Engine of the Bugatti Chiron Super Sport 300+

A masterpiece of engineering, the quad-turbocharged 8.0-liter W16 from the Bugatti Veyron was carried over to the Chiron as well. In order to keep up with rapid development in the automotive industry, the engine was thoroughly upgraded and modernized.

The original Veyron boasted 1001 PS (987 hp), while the ultimate variant of the first 21st century Bugatti hypercar, the Bugatti Veyron 16.4 Super Sport had 1200 PS (1,184 hp). 

In the Chiron, the numbers are even more impressive: 1500 PS (1,479 hp), a whole third more than the original power output of the same engine! To achieve this feature, Bugatti engineers revised virtually every component, improving power delivery, cooling and engine management.

The smooth power delivery came thanks to duplex fuel injection with 32 injectors and newly developed larger two-stage turbochargers, with the first pair spooling from the beginning of the rev range and the second pair joining in from 3800 RPM onwards.

W16 engine
Bugatti W16 Engine. Source: Florian Lindner

Each of these engines is sourced from VW’s base in Salzgitter after an 8-hour testing period and then prepared in Bugatti’s plant in Molsheim. There’s one transmission to choose from and it’s a 7-speed dual clutch automatic sending power to all four wheels via the updated Haldex all-wheel drive.

With the chassis improved and the aerodynamics set, Bugatti engineers were able to squeeze even more power from the W16, coming to a total of 1,600 hp, a whole hundred more than the Chiron! Due to its immense power and thundering noise, the reworked engine was nicknamed Thor. 

In the Super Sport 300+ guise, the engine will retain the same power output, meaning that Bugatti can theoretically rerun the Chiron to 300 MPH again, this time as a production car.


Suspension

Another vital component needed for the Chiron Super Sport top speed record was the suspension setup. In addition to aerodynamic grip, the Super Sport had to produce sufficient mechanical grip.

The suspension of the Bugatti Chiron Super Sport was lowered and stiffened, which will probably not be the case with the Super Sport 300+ tribute. In the future, this could potentially be an uncrossable obstacle should anyone decide to match Wallace’s run.


Wheels, Tires and Brakes

In addition to Dallara, Bugatti found a partner in Michelin which provided the Chiron Super Sport with adequate tires able to withstand heat and pressure at the targeted velocity. The Chiron Super Sport was thus fitted with ultra-light magnesium wheels wrapped in Michelin Pilot Sport Cup 2 tires. 

Tire of Bugatti Chiron Super Sport

The Nocturno black magnesium wheels served two main purposes: reducing unsprung mass and enabling Bugatti engineers to fit larger brakes. At speeds close to 300 MPH, stopping power has to be achieved with something more than just technology.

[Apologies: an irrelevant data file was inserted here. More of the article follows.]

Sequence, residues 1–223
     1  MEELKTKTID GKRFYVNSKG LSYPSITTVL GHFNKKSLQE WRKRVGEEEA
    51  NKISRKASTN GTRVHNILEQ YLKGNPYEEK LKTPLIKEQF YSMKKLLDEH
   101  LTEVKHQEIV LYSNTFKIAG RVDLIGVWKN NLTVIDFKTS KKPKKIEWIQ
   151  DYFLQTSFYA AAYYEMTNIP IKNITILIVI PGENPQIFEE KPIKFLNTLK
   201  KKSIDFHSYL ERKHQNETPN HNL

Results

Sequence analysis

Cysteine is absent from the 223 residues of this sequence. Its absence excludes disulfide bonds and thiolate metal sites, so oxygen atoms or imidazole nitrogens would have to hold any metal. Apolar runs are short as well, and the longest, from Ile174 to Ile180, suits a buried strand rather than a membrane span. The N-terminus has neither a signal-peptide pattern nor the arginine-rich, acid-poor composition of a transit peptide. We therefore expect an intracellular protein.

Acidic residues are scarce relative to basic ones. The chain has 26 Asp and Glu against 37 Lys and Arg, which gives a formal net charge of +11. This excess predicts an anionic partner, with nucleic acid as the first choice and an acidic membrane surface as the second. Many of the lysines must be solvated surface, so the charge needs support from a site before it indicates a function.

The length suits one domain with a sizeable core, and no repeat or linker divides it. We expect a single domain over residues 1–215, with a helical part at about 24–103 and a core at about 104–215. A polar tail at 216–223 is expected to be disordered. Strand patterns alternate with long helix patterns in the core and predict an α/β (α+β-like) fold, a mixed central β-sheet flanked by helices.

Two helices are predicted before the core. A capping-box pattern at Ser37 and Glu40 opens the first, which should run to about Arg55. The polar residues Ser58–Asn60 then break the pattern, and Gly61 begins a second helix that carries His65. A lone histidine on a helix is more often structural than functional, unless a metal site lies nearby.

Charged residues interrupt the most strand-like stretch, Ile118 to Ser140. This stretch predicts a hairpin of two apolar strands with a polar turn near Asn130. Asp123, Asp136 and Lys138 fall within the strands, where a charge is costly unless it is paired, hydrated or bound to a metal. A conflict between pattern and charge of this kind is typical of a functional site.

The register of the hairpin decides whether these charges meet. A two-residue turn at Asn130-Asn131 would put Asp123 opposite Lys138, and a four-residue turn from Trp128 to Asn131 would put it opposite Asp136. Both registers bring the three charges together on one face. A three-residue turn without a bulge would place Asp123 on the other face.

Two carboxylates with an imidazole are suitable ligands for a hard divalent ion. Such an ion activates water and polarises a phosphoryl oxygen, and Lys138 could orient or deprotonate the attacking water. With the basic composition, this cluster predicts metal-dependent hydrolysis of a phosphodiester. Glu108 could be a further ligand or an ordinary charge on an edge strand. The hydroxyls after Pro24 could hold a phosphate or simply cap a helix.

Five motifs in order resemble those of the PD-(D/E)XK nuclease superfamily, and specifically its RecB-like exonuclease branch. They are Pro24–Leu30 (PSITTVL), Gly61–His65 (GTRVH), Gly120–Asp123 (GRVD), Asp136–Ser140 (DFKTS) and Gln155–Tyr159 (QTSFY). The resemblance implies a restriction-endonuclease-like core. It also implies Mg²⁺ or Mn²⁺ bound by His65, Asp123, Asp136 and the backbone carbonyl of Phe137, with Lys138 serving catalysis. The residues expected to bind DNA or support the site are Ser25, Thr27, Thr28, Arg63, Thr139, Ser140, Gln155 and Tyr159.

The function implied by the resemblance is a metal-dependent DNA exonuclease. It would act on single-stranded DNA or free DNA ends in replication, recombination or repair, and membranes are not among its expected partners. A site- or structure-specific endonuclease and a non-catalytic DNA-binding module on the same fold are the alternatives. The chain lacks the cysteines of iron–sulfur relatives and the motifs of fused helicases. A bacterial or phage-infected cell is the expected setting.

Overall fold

That’s why the Chiron Super Sport got massive carbon ceramic brake rotors made from carbon silicon carbide with eight-piston aluminum calipers in the front and six-piston calipers in the back gripping the discs tightly when the driver hits the brake pedal. The caliper technology was borrowed from the race tracks and utilizes titanium pistons of different diameters ensuring even pressure distribution on the disc.


Bugatti Chiron Super Sport 300+ Interior

Being a production prototype, the Bugatti Chiron Super Sport driven by Andy Wallace was strapped in a single seat with five-point seat belt, telemetry gear and cameras in place of the co-driver’s bucket and a mandatory roll cage.

Interior of Bugatti Chiron Super Sport 300+

On the other hand, the limited-run Bugatti Chiron Super Sport 300+ looks a bit different. The black-on-orange theme of the record-topping car continues inside as well, with exposed Jet Black carbon fiber and Jet Orange accents.

In case the driver ever forgets they’re entering a Bugatti Chiron Super Sport 300+, there are illuminated greetings as well as Jet Orange embroidery on the center console and the headrests. 

The Alcantara seats are finished in Beluga Black and the moody theme continues on the Beluga Black center line and the rear-view mirror. 

Steering wheel of car

Chiron Super Sport 300+ Privileges

Once the fortunate thirty get their special black-on-orange Chirons delivered in mid-2021, they’ll face certain privileges in more than a few ways.

Bugatti Chiron Super Sport 300+ ownership comes with more than just billionaire-grade bragging rights: the company offers full access to the Ehra-Lessien track alongside a team of engineers helping set the car to fit current weather conditions.

Bugatti Chiron Super Sport 300+ racing on Ehra-Lessien track

Does that mean that the Chiron Super Sport 300+ can match the 304.773 MPH run of the pre-production prototype car? It’s up to us to see, but in reality, it largely depends on weather conditions, the readiness of the owner to push the car to its very limits in Top Speed mode, and the element of fortune which always needs to be considered.


A production car or not, Bugatti Chiron Super Sport 300+ is an engineering masterpiece combining brutality and sophistication into one balanced, hyper capable mechanical entity. 

Certainly, the Chiron Super Sport will for long be a subject of talk about millions of dollars, thousands of horsepower and hundreds of miles per hour, but it should primarily be appreciated as a testimony of progress well worthy of Ettore’s name and legacy.